Benefits of Goods and Services Tax (GST)

GST (Goods and Services Tax) is consumption tax that charged the buyers to pay for a wide range of domestic and international products as well as goods and services. GST is a multi-stage tax on domestic consumption levied on taxable supplies of goods and services. GST is imposed on every level of a product from raw materials all the way to finished goods. However, consumers still need to pay income tax as GST and income tax is totally different. It is a consumption tax charged on imports items and also value added to goods and services provided by a business to the end user.… Read the rest

Taxation Aspects of Multinational Corporations in India

Foreign non-resident business entities may have business activities in a variety of  ways. In its simplest form this can take the form of individual transactions in the nature of  exports or import of goods, lending or borrowing of money, sale of technical know how to an  Indian enterprise, a foreign air-liner touching an Indian airport and booking cargo or  passengers, etc. various tax issues arise on accounts of such activities.

The government wants  to encourage foreign enterprises to engage in certain types of business activities in India,  which in its opinion its desirable for achieving a balanced economic growth. This takes us to  the last aspect of activities which enjoy tax incentives in India.… Read the rest

Direct and Indirect Taxes

Taxes are classified as direct tax and indirect tax. But the meaning of these two types of taxes is not clear. For a long time economists interpreted these two types in different ways. For instance, one group of economists considered taxes on production as direct taxes and those on consumption as indirect taxes.  J.S. Mill distinguished these two types of taxes in terms of the ability to shift the tax. Any person on whom the tax is imposed, if he himself pays the tax, it is called direct tax and if he is able to shift the tax to somebody who ultimately pays it then it is called indirect tax.… Read the rest

Overview of Tax Regime in India

DIRECT TAXES Individual Income Tax & Corporate Tax

The provisions relating to income tax are contained in the Income Tax Act 1961 and the Income Tax Rules 1962. The Income Tax Department is governed by the Central Board for Direct Taxes (CBDT) which is part of the Department of Revenue under the Ministry of Finance. In terms of the Income Tax Act, 1961, a tax on income is levied on individuals, corporations and body of persons. Tax rates are prescribed by the government in the Finance Act, popularly known as Budget, every year.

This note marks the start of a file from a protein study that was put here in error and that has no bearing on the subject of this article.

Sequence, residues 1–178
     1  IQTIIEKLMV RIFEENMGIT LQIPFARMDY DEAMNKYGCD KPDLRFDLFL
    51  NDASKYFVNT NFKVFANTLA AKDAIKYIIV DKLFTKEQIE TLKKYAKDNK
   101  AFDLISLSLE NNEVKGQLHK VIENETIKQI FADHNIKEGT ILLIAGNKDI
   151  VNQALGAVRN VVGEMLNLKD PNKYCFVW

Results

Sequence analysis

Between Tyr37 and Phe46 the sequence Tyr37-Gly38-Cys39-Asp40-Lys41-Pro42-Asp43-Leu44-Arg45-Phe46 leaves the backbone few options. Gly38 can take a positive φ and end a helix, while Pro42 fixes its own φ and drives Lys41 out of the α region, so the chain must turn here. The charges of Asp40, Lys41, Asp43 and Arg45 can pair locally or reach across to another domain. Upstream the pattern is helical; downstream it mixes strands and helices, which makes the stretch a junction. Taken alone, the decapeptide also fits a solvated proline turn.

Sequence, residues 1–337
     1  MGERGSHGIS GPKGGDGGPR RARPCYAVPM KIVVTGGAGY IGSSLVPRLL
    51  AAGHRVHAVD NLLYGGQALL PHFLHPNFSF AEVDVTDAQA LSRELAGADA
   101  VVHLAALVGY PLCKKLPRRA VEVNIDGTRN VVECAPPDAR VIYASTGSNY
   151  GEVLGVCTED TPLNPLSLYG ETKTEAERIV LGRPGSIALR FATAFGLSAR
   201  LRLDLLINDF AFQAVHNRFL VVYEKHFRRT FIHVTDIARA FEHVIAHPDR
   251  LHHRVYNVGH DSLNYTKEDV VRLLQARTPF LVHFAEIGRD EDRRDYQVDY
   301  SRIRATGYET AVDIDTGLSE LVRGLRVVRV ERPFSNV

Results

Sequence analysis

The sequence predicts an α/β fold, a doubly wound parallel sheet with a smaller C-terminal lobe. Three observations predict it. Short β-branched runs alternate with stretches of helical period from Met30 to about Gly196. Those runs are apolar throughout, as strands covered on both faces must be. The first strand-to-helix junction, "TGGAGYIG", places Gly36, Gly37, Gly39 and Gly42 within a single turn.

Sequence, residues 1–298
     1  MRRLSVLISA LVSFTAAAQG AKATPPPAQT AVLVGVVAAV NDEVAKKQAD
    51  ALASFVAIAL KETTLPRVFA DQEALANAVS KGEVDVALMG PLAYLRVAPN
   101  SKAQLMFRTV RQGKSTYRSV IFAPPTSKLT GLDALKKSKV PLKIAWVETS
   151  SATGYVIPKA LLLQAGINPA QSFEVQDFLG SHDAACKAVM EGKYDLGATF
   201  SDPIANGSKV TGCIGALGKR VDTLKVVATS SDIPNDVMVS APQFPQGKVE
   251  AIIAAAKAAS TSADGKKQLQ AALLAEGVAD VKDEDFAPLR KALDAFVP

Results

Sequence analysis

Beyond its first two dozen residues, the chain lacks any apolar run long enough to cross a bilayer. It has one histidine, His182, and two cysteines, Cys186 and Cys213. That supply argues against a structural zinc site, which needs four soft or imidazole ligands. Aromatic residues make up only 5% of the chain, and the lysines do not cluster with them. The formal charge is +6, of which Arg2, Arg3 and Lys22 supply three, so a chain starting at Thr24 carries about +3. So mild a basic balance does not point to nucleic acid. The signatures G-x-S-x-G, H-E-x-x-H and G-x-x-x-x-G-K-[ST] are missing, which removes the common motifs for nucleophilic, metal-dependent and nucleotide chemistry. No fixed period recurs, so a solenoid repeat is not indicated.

The Government of India has recently taken initiatives to reform and simplify the language and structure of the direct tax laws into a single legislation – the Direct Taxes Code (DTC).… Read the rest

Goods and Services Tax (GST) in India

Goods and Services Tax (GST) is part of the proposed tax reforms that centre round evolving an efficient consumption tax system in the country. Presently, there are parallel systems of indirect taxation at the central and state levels.

In the Union Budget for the year 2006-2007, Finance Minister proposed that India should move towards national level Goods and Services Tax that should be shared between the Centre and the States. He proposed to set April 1, 2010 as the date for introducing the goods and service tax (GST).

Goods and Services Tax is proposed to be an indirect tax levied on manufacture, sale and consumption of goods and services at a national level concurrently by Central and State Governments.… Read the rest

Income from Other Sources

Income from other source is a residuary head of income. Any item of income which does not fall under any other four specific heads of income is to be charged under this head.

According to sec 56(2) following incomes are chargeable under this head.

  • Dividend declared by a foreign company
  • Family pension
  • Winnings from lottery, crossword puzzles, horse race etc
  • Income from plant, machinery or furniture let out on hire where it is not the actual business of the assessee.
  • Interest from securities, bank deposits
  • Income from sub letting
  • Any other receipts which doesn’t fall under any other heads of income.
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